Including Naloxone in EDC or IFAK

Naloxone is new to me but has been featured in several TV news clips in my area over the past month.  Basically, its a drug that by-standers can administer to somebody overdosing on opioids which will potentially save the person’s life.


Wondering if others living and working in busy urban areas keep this on hand as part of their EDC preps.


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  • Comments (15)

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      This is something that is now being issued in Scotland to try and reduce drug deaths, it is being issued to Police and members of the public can receive free training in its administration and be issued with a kit.
      There is a big push atm to re-frame language and attitudes around this issue.

      This is not something I personally carry or intend to carry in my current circumstances BUT if I had a family member or close friend who used opioids for any reason, legitimate or otherwise, then I would consider carrying it.

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        For sure I would carry it around in my EDC if I had a family member who struggled with substance abuse. But I would have to look into good Samaritan laws, receive training, know how to diagnose an overdose, and be ready for a potential lawsuit if I saved a stranger and they had a negative reaction. Even if you save someone’s life, they can still get upset at you.

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      Not something I would even remotely consider, My family has suffered badly at the hands of drug users and addicts, including my mother and severely handicapped brother being robbed at knifepoint by a druggie, out on bail for robbing another old lady the day before.

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        Really sad how drugs make people desperate and not in their right mind to do cruel things like that. 

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        My mum was 89 at the time, she was still going out shopping, meeting friends, having walks, going on coach trips etc. After being robbed and pushed to the floor she never left the house again. She died within the year. 

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        That sure is heartbreaking to hear Bill, sorry she had to go through that.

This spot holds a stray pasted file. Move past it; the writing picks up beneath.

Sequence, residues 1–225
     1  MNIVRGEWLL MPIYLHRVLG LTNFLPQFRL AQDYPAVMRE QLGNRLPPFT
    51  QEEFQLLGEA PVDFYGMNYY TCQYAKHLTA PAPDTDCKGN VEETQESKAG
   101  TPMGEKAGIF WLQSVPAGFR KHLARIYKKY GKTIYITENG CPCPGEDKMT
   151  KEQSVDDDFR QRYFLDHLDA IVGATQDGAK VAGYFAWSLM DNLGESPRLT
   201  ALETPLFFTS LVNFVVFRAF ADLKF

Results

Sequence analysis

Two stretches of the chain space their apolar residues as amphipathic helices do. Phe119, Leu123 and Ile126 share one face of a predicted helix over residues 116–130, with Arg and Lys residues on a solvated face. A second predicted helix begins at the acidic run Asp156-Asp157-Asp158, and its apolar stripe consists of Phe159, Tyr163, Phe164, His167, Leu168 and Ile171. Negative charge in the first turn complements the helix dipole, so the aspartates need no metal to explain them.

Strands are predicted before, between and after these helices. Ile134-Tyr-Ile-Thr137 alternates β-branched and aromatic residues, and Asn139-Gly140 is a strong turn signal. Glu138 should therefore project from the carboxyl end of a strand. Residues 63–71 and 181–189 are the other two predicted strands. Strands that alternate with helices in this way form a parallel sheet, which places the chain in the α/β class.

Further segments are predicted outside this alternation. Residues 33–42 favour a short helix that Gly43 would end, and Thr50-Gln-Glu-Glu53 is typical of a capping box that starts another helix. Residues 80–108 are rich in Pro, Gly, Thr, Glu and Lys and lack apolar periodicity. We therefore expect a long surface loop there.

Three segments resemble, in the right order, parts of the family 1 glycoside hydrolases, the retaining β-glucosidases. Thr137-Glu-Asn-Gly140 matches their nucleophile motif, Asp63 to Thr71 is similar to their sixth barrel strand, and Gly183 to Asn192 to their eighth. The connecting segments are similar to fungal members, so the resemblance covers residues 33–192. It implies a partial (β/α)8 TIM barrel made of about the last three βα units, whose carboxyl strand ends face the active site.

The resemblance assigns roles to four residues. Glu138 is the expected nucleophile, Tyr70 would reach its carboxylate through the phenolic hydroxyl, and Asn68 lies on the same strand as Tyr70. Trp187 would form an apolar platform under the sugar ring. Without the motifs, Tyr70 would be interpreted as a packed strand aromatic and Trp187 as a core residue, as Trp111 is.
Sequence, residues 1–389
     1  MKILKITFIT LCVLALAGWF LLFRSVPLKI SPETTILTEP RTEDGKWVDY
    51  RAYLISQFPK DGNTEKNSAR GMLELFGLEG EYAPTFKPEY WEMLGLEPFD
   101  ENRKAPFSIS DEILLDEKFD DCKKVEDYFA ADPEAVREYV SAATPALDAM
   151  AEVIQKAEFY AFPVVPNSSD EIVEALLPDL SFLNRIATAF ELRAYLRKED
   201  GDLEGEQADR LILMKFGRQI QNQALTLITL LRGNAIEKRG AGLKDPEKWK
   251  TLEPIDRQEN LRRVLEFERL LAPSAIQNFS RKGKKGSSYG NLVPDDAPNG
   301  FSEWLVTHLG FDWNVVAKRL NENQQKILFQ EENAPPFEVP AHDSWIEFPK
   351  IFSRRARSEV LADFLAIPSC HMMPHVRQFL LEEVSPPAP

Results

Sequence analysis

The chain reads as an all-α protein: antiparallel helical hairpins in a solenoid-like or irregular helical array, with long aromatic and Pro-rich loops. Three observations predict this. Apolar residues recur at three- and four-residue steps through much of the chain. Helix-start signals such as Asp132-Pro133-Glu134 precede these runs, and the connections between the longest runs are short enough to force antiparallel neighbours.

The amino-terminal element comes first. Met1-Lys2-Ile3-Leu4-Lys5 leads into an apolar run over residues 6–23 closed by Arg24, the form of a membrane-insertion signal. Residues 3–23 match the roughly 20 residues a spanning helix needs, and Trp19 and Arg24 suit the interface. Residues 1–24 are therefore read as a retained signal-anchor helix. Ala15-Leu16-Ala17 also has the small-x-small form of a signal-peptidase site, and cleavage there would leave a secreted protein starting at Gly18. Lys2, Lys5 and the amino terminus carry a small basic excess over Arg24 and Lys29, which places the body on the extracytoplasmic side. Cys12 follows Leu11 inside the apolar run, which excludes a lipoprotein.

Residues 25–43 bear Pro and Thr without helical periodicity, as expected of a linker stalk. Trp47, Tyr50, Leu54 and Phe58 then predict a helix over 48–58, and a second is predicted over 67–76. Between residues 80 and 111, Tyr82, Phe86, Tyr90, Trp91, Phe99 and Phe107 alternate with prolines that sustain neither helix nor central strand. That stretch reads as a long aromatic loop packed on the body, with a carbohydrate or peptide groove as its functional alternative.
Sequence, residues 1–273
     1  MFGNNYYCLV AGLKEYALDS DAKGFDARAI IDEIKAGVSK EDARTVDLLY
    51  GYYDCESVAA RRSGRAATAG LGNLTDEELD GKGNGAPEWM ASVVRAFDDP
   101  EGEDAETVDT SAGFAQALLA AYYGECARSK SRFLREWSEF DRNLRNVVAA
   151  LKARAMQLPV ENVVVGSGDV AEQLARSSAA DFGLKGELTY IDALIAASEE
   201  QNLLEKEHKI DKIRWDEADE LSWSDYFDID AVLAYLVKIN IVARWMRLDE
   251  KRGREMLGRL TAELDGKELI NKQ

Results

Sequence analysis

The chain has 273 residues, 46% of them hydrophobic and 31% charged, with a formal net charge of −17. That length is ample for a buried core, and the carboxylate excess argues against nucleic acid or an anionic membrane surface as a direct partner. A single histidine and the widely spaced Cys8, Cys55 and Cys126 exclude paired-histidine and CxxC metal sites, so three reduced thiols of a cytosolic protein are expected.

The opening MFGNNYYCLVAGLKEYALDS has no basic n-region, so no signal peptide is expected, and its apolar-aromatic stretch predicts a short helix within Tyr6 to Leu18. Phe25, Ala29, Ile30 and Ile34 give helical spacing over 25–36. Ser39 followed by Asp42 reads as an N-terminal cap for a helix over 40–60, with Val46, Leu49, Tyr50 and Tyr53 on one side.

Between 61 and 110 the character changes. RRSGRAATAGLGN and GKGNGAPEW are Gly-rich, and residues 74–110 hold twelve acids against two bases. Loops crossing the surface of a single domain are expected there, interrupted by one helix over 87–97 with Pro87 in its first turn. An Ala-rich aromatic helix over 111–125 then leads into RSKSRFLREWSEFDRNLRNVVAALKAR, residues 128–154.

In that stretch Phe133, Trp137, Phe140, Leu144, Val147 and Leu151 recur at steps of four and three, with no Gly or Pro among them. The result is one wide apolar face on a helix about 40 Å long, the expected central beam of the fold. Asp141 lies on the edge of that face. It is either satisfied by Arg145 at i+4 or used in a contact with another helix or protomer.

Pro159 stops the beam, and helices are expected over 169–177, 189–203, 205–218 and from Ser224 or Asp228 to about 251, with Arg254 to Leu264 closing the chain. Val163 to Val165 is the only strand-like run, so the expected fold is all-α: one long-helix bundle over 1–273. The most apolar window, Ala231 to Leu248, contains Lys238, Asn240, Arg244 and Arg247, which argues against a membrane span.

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        That is truly awful, Bill. Especially the effect on your mom’s quality of life. I’m so sorry that she and your whole family went through that.

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        I have to agree with you Bill. This is not something that I would consider. Having had a quick look at how this stuff works, it does not reverse completely the effects of an opioid overdose, it simply buys 30-60 minutes to give a small window for professional help to arrive and if I’m honest, I wouldn’t want to be hanging around for that time waiting for an ambulance to arrive. The side effects can be severe, from causing a withdrawal crash- to heart attack and to try and keep a raging addict in situ or have to give CPR is not something I want to consider. 

        Count me out on this one, I’m afraid.

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        Bill, I’m really sorry about what happened to your mother and brother. My Mom is the same age now as your Mom was then, so it hit home. (I’m just now catching up reading this thread or I would have responded earlier.)

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        It’s painful to read this. I feel badly for your mother.

        I saw a lot of violence at one point in my life and I came to realize that some people recover psychologically or emotionally better than others and it’s not a male/female or young/old thing. Sometimes violence or witnessing violence can leave a psychological scar on someone that is hard for others to understand.

        As we become older and elderly we become a specific target of junkies and thieves that are both looking for high value pharmaceuticals. Many thieves case the homes and apartments of older people because we are much more likely to have prescriptions for high street value medications. This increases our risk of violence because if a junkie enters your home they are much more likely to be violent.